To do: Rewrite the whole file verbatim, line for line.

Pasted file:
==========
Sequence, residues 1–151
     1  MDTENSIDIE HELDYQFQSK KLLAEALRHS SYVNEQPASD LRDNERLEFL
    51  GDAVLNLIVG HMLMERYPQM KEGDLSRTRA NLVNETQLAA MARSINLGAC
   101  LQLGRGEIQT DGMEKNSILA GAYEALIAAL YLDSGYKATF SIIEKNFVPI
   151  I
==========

Sequence, residues 1–151
     1  MDTENSIDIE HELDYQFQSK KLLAEALRHS SYVNEQPASD LRDNERLEFL
    51  GDAVLNLIVG HMLMERYPQM KEGDLSRTRA NLVNETQLAA MARSINLGAC
   101  LQLGRGEIQT DGMEKNSILA GAYEALIAAL YLDSGYKATF SIIEKNFVPI
   151  I